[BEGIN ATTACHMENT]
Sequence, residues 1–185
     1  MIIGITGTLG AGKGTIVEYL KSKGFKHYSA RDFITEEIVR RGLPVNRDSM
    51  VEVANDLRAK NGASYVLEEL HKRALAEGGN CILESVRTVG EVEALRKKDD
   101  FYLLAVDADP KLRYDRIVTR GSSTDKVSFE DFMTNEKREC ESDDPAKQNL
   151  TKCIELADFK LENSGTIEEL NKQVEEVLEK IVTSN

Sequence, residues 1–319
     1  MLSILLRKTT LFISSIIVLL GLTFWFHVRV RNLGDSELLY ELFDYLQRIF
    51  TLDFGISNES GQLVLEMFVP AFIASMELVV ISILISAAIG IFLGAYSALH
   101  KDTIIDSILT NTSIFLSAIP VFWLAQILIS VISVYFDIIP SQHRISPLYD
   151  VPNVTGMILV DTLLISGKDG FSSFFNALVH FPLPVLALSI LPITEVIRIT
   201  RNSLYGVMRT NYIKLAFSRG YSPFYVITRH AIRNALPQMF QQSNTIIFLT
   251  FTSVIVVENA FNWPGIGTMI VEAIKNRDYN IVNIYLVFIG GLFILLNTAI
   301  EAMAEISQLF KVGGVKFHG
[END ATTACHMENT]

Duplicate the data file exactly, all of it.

Sequence, residues 1–185
     1  MIIGITGTLG AGKGTIVEYL KSKGFKHYSA RDFITEEIVR RGLPVNRDSM
    51  VEVANDLRAK NGASYVLEEL HKRALAEGGN CILESVRTVG EVEALRKKDD
   101  FYLLAVDADP KLRYDRIVTR GSSTDKVSFE DFMTNEKREC ESDDPAKQNL
   151  TKCIELADFK LENSGTIEEL NKQVEEVLEK IVTSN

Sequence, residues 1–319
     1  MLSILLRKTT LFISSIIVLL GLTFWFHVRV RNLGDSELLY ELFDYLQRIF
    51  TLDFGISNES GQLVLEMFVP AFIASMELVV ISILISAAIG IFLGAYSALH
   101  KDTIIDSILT NTSIFLSAIP VFWLAQILIS VISVYFDIIP SQHRISPLYD
   151  VPNVTGMILV DTLLISGKDG FSSFFNALVH FPLPVLALSI LPITEVIRIT
   201  RNSLYGVMRT NYIKLAFSRG YSPFYVITRH AIRNALPQMF QQSNTIIFLT
   251  FTSVIVVENA FNWPGIGTMI VEAIKNRDYN IVNIYLVFIG GLFILLNTAI
   301  EAMAEISQLF KVGGVKFHG